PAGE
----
V = (x1, x2, x0)
X = {x0, x1, x2}
Note that the ordering of the variables in X is the canonical ordering
(ascendingly according to their labels) but the ordering in V is different.
The permutation between both variable orderings is sigma = (2, 0, 1), or more verbosely:
sigma[0] = 2
sigma[1] = 0
sigma[2] = 1
This means that variable V[sigma[n]] should correspond with the n'th variable in X (for n=0,...,2)...OK.
The states of the variables x0,x1,x2 are, according to the ordering in V:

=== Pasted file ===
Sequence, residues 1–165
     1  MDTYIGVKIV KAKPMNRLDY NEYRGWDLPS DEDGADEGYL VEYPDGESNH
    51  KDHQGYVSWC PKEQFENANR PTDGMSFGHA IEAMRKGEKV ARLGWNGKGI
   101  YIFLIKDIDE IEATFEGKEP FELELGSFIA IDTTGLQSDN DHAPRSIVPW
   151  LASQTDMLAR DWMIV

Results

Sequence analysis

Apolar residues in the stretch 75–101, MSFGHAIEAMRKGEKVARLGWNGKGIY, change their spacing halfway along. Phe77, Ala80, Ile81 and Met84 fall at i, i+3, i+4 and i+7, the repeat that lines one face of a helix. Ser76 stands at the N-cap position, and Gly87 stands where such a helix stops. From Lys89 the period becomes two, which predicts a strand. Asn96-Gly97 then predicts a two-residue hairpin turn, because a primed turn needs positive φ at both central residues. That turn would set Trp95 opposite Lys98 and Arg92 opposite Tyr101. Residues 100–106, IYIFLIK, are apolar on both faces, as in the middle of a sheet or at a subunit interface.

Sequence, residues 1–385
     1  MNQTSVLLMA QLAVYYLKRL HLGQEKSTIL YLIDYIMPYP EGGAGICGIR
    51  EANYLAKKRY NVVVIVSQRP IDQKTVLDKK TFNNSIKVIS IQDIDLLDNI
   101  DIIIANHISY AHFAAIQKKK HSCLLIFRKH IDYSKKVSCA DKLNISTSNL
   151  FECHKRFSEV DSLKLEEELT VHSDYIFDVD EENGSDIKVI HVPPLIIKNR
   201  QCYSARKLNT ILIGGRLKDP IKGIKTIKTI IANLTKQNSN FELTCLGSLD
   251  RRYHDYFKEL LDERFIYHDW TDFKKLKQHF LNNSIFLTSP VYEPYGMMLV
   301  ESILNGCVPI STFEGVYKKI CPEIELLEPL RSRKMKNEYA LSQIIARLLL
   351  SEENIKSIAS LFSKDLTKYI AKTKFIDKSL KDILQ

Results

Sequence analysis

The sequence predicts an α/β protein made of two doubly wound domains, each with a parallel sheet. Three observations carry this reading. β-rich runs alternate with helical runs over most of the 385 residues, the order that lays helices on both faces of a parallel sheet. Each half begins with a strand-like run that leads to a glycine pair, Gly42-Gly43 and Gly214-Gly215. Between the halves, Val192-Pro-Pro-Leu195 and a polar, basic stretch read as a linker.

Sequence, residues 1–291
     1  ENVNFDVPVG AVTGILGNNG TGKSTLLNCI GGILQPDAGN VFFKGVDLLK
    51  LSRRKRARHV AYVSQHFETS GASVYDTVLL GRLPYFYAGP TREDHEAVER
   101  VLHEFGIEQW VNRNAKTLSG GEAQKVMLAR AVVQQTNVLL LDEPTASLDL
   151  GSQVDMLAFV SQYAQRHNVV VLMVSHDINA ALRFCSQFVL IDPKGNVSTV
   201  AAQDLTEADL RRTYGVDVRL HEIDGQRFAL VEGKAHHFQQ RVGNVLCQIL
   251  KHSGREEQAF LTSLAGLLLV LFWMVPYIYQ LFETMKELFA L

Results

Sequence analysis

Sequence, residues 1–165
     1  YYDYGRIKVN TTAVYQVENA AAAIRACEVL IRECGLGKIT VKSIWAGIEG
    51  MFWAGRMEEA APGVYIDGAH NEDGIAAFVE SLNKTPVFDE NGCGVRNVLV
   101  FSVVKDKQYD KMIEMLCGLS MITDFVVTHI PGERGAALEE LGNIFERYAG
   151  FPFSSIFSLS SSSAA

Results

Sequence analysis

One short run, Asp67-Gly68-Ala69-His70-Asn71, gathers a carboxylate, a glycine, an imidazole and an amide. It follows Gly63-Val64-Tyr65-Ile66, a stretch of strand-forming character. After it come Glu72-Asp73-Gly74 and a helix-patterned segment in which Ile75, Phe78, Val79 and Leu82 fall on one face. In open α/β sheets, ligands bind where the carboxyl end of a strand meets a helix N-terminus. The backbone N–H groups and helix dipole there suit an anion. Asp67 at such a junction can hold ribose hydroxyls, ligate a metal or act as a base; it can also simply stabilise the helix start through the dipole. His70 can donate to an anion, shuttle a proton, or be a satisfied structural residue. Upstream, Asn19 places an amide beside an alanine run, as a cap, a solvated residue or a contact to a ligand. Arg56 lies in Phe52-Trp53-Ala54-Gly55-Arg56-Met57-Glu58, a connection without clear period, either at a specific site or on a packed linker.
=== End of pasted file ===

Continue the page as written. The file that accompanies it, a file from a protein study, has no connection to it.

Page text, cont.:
SV: x0: x1: x2:
0 0 0 0
1 0 1 0
2 0 2 0
3 0 0 1
4 0 1 1
5 0 2 1
6 1 0 0
7 1 1 0
8 1 2 0
9 1 0 1
10 1 1 1
11 1 2 1
The states of the variables x0,x1,x2 are, according to the canonical ordering in X:
SX: x0: x1: x2:
0 0 0 0
1 1 0 0
2 0 1 0
3 1 1 0
4 0 2 0
5 1 2 0
6 0 0 1
7 1 0 1
8 0 1 1
9 1 1 1
10 0 2 1
11 1 2 1
The permutation sigma induces the following permutation of linear indices of joint states:
SV: SX:
0 0
1 2
2 4
3 6
4 8
5 10
6 1
7 3
8 5
9 7
10 9
11 11